### Did you know that every single function, comes from other functions. You may start with f(x)= x, then go until you have a very complicated polynomial function. This is done using the composition of functions; also do you know how to get the inverse of a relation, or a function? ...mmmh..Interesting! What about the composition of a function and its inverse?

### This lesson, although short is very illustrating of the composition process, and how the inverse of a relation or a function takes place. You will like the colors and animations!

### Since the lesson includes a problem and a companion similar problem and solution. You might try this companion problem before running the solution by using the pull down MARKER TOOLS menu.

** Lesson's Content **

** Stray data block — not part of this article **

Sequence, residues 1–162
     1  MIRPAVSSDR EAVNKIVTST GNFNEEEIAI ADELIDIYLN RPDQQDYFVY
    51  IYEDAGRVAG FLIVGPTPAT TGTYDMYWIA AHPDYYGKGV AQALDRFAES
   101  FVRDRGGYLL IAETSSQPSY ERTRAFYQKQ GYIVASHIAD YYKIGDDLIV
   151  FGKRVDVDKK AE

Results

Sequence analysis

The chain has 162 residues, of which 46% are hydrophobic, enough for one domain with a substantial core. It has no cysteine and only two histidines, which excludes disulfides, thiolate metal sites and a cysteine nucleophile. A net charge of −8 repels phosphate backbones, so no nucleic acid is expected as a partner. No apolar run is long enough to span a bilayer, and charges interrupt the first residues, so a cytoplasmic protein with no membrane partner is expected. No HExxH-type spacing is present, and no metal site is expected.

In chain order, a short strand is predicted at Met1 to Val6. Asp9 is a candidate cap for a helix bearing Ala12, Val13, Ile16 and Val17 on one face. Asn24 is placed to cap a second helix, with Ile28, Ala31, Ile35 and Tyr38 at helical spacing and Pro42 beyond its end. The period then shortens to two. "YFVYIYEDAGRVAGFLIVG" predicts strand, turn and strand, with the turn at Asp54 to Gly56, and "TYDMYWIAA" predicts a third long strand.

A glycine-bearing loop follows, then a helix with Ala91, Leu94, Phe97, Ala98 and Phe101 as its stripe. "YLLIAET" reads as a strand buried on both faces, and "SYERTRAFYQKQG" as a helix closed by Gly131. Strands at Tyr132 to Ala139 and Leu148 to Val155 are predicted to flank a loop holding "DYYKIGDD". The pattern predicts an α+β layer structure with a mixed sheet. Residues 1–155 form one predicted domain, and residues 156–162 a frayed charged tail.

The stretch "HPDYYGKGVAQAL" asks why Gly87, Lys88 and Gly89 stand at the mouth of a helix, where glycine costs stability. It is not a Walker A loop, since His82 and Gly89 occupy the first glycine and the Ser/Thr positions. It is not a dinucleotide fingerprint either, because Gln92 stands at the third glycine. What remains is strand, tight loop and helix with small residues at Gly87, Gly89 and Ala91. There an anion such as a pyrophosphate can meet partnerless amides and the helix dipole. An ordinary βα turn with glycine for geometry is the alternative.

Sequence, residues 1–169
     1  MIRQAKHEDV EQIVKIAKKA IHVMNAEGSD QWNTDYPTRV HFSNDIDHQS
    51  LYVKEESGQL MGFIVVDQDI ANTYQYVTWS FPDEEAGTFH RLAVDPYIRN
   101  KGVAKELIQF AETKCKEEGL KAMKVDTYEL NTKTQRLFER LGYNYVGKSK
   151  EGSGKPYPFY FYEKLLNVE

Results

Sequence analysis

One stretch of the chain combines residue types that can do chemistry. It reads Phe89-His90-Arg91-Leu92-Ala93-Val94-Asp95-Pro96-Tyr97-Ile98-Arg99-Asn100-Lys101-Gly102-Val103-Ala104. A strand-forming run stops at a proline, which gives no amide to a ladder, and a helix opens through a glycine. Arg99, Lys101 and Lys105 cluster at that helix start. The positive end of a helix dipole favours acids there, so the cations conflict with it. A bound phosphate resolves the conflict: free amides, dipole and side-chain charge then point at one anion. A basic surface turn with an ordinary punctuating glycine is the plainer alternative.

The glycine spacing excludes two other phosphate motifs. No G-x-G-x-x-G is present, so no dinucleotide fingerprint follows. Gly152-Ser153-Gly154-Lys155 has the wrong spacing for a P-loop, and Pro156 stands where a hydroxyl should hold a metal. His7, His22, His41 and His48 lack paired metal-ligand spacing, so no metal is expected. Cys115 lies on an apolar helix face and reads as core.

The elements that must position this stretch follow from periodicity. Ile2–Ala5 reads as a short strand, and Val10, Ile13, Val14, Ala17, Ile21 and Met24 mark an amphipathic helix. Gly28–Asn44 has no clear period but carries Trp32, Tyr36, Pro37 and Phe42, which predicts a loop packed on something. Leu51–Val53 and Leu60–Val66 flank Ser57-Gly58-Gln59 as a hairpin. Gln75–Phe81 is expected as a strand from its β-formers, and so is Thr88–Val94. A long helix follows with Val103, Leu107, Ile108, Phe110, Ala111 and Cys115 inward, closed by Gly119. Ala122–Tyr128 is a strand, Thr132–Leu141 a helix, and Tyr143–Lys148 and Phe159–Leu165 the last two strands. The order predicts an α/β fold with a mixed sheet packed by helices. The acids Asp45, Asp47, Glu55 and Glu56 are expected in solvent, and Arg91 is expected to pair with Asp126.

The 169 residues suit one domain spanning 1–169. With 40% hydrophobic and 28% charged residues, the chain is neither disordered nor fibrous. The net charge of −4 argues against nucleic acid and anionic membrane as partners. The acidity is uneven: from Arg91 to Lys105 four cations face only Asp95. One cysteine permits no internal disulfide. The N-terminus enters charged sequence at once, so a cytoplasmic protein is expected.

** Lesson's Glossary **

**Composite function: Combination of 2 functions where the input of the second is the output of the first.**

**Composition Suppose two functions f and g, where the range of g is a subset of the domain of f. Then the composition of f of g is f[g(x)]. **

**Factoring: The process to brake a polynomial down into the product of several factors. **

**Factors: All whole numbers that are multiplied together to yield another number. **

**Factored Form: Any polynomial that is written as the product of polynomials of lower degree that may be obtained from the original polynomial. **

**Function: A relation of the type that has exactly one value in the domain (independent variable) matching a value in the range (dependent variable). **

**Function notation: A function written with the symbol f(x) instead of y. It is read as f of x.**

**Identity function: A function for which the input is equal to the output. In other words a function where x-coordinate is equal to the y-coordinate for all the domain of the function.**

**Inverse functions: Two functions are inverses if and only if both of their compositions result in the identity function. f[g(x)]=x and g[f(x)]=x. **

**Relation A set of ordered pairs. **

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